SGRQ total scores by (A) FVC % predicted at baseline and (B) use of supplemental oxygen at baseline. The circles denote the mean values, the midlines of the boxes indicate the median values and boundaries denote 25th and 75th percentiles; whiskers are the minimal and maximum values in the lower fence (1.5 interquartile range above 75th percentile) and upper fence (1.5 interquartile range below 25th percentile). FVC % predicted at baseline: lower quartile=65.92, upper quartile=90.62. FVC, forced vital capacity; SGRQ, St George’s Respiratory Questionnaire.

Responsiveness

Mean changes in SGRQ total score were −6.8 and 13.1 in patients with improvement and deterioration in FVC >10% predicted from baseline at week 52, respectively (between-group difference of 19.9 (95% CI 12.8 to 27.1); p<0.0001) (figure 2). Changes in SGRQ total, impact and activity scores were sensitive to detecting improvement or deterioration in FVC >10% predicted from baseline at week 52; effect sizes for every score were >0.20 (figure 2 and table 3). Changes in SGRQ symptoms score detected a deterioration (effect size of 0.38), but not an improvement (effect size of 0.14) in FVC >10% predicted from baseline at week 52 (table 3).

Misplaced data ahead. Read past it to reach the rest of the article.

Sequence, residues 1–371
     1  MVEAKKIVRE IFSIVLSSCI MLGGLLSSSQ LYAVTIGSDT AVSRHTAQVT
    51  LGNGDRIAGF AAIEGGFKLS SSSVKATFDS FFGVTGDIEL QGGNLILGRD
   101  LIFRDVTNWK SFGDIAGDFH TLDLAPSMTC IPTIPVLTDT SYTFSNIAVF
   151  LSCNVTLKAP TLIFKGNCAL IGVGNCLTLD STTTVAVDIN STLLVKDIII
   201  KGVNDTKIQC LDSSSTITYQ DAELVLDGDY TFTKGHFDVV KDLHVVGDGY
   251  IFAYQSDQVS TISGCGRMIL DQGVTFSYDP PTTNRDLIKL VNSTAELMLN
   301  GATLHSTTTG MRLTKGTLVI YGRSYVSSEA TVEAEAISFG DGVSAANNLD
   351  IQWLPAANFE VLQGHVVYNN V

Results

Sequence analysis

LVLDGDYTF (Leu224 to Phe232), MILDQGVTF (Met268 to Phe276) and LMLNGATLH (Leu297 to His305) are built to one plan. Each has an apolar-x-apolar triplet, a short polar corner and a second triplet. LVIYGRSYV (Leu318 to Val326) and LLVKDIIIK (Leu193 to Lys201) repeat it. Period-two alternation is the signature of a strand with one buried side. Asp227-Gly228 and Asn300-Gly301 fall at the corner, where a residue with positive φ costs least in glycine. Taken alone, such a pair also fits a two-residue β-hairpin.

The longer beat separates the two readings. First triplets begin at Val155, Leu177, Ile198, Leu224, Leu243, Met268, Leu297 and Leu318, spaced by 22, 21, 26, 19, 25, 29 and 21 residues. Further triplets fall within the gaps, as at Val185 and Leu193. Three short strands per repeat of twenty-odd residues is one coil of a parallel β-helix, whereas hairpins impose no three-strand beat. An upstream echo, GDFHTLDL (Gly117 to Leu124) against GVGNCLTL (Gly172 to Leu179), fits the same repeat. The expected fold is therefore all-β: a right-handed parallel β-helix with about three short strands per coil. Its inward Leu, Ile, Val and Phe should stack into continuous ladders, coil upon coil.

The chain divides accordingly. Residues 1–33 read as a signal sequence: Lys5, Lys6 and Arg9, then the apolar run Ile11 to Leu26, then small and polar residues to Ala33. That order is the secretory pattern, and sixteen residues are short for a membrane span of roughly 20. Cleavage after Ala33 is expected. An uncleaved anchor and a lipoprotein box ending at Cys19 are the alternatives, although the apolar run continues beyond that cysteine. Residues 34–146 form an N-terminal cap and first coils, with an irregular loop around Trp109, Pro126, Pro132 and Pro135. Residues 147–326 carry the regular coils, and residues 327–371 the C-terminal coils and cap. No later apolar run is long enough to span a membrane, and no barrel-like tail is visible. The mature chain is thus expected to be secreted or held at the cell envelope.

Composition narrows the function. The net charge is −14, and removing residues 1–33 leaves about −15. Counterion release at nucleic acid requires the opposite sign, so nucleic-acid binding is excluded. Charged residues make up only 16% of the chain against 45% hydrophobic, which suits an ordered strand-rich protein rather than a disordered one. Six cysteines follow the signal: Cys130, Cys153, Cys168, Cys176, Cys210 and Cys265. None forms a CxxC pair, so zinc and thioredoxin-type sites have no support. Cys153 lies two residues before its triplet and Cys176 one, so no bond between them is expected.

Figure 2

Changes from baseline in SGRQ total scores at week 52 by (A) changes in FVC >10% predicted at week 52 and (B) changes in PGI-C at week 52. The circles denote the mean values, the midlines of the boxes indicate the median values and boundaries denote 25th and 75th percentiles; whiskers are the minimal and maximum values in the lower fence (1.5 interquartile range above 75th percentile) and upper fence (1.5 interquartile range below 25th percentile). FVC, forced vital capacity; PGI-C, Patient ’s Global Impression of Change; SGRQ, St George’s Respiratory Questionnaire.

Table 3

Changes from baseline in SGRQ total and domain scores at week 52 and corresponding effect sizes by changes in FVC >10% predicted and PGI-C at week 52

Mean changes in SGRQ total score were −9.7 and 20.4 in patients with improvement or deterioration according to PGI-C at week 52, respectively (between-group difference of −30.1 (95% CI −34.7 to –25.5); p<0.0001) (figure 2). Changes in SGRQ total and domain scores were sensitive to detecting improvement or deterioration according to PGI-C, with all effect sizes >0.20 (figure 2 and table 3).